- Married filing jointly. $100,000 in reportable assets at the end of the year or 150,000 anytime during the year.
- Single or Married filing Separate. $200,000 in reportable assets at the end of the year or 300,000 in foreign assets anytime during the tax year.
- Married filing jointly. $ 400,000 in reportable assets at the end of the year or 600,000 during the year.
- You are considered to live abroad if you are a U.S. citizen whose tax home is in a foreign country and you have been present in a foreign country or countries for at least 330 days out of a consecutive 12-month period. This includes where one spouse may be living in the U.S.
- The threshold includes foreign assets not otherwise required to be reported under FATCA but are reported under the Exception (3)(b) below.
- These requirements are in addition to the long-standing requirement to report foreign financial accounts on FinCEN Form 114, Report of Foreign Bank and Financial Accounts (FBAR) (formerly TD F 90-22.1).
- However, if the taxpayer is not required to file a tax return, Form 8938 need not be filed regardless of the amount of foreign assets held overseas.
Specified Foreign Financial Assets
- foreign financial accounts
foreign non-account assets held for investment
- foreign stock and securities,
- foreign financial instruments,
- contracts with non-U.S. persons,
- interests in foreign entities.
Financial account maintained by a U.S. payor. A U.S. payor includes:
- U.S. branch of a foreign financial institution,
- Foreign branch of a U.S. financial institution,
- Certain foreign subsidiaries of U.S. corporations.
- A beneficial interest in a foreign trust or a foreign estate, if you do not know or have reason to know of the interest.
- Social security, social insurance, or other similar program of a foreign government.
If you reported these foreign financial assets:
- Trusts and foreign gifts reported on Form 3520 or Form 3520-A (filed by the trust);
- foreign corporations reported on Form 5471;
- passive foreign investment companies reported on Form 8621;
- foreign partnerships reported on Form 8865;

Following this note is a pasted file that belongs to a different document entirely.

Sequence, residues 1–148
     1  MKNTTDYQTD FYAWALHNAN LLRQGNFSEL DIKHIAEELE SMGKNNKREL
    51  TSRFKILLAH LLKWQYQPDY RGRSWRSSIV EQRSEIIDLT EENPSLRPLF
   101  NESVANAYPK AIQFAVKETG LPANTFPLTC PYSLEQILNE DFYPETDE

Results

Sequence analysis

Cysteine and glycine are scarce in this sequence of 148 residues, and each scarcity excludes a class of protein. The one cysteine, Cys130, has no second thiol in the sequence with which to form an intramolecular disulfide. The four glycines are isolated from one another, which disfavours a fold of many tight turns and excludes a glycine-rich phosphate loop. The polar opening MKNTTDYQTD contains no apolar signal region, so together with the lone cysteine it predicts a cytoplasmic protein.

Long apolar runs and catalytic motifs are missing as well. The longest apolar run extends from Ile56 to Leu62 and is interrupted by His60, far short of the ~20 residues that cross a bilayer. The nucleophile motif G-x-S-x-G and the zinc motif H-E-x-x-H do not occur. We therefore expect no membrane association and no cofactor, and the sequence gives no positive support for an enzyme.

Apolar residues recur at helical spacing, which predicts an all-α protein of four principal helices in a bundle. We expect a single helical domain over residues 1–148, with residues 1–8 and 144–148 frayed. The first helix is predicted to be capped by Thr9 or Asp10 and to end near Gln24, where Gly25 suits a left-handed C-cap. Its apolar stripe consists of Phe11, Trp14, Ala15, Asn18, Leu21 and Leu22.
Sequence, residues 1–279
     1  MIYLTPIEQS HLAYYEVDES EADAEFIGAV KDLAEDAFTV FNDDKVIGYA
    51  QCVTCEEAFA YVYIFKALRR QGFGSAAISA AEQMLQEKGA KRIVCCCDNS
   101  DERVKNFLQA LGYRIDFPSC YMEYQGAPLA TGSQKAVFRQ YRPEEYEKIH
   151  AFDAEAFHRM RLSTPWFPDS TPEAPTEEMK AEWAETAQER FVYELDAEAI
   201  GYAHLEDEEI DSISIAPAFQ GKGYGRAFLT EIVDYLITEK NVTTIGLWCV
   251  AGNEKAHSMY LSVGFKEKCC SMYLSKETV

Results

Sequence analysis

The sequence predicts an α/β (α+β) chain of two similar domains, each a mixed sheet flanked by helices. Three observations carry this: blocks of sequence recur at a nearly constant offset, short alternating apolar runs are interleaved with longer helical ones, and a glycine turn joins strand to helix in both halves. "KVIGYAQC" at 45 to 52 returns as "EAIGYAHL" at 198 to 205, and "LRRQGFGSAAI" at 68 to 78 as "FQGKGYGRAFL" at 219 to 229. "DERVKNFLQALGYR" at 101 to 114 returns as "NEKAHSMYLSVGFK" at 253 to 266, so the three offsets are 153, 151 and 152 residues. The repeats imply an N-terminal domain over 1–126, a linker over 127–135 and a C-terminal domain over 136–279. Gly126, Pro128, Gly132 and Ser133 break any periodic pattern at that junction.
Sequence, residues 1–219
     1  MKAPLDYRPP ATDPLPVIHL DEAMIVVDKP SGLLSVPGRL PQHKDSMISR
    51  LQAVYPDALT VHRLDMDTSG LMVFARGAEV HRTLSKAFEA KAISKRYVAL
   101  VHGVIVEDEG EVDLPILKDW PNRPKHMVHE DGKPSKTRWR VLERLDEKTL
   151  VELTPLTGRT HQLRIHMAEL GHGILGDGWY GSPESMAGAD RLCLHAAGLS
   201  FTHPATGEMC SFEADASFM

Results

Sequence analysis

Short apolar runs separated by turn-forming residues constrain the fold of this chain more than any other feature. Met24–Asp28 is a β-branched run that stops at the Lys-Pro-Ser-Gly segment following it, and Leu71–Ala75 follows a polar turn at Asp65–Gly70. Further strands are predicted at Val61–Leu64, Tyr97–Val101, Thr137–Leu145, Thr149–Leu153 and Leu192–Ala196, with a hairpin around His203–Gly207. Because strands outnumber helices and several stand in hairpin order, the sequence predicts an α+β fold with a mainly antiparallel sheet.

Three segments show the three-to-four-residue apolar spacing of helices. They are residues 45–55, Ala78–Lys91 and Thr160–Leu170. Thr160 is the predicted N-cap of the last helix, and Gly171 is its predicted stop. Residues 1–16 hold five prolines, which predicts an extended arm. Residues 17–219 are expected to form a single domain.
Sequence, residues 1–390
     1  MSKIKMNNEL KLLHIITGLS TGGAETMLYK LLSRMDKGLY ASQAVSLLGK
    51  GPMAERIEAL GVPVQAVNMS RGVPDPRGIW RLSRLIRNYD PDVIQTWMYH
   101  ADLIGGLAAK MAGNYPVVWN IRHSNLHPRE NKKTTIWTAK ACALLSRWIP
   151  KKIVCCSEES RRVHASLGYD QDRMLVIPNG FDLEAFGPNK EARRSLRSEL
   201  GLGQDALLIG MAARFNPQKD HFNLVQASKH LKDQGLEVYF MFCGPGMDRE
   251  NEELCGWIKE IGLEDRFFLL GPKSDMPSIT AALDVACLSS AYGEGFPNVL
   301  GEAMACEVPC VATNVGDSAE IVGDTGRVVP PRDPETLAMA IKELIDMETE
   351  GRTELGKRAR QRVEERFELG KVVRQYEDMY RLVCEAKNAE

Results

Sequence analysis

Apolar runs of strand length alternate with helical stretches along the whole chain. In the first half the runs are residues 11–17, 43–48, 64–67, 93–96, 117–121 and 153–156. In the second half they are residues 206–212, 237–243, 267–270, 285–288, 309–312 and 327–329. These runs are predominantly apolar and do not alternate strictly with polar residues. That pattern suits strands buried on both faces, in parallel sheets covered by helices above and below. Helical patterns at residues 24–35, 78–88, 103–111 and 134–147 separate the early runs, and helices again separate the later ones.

- registered Canadian retirement savings plans reported on Form 8891;
- certain trusts;
- certain assets held by bona fide residents of U.S. territories;
- assets or accounts for which mark-to-market elections have been made under Internal Revenue Code Section 475;
- U.S. beneficiary of a domestic bankruptcy trust or a domestic widely held fixed investment trust;
- Identify on Form 8938 which of these forms were report in that year.
What to do if you have failed to report these foreign assets?
Contact our office immediately.
Foreign Financial Institutions have entered into agreements with the IRS that gives the IRS access to the Foreign Financial Institutions’ customer information, including the account holders’ names, addresses, and transactions of most types of accounts.
Streamlined Procedures to Get Current with Your Filing Obligation. If you are a non-resident U.S. taxpayer who wishes to come into compliance with your U.S. filing obligations, you may be eligible for special IRS procedures.
On June 26, 2012, the IRS announced new streamlined filing compliance procedures for non-resident U.S. taxpayers. These procedures recognize that some U.S. taxpayers living abroad have failed to timely file U.S. federal income tax returns or FBARs, but have recently become aware of their filing obligations and now seek to come into compliance with the law. These new procedures are for non-residents including, but not limited to, dual citizens who have not filed U.S. income tax and information returns.
What if I don’t know the value of the asset?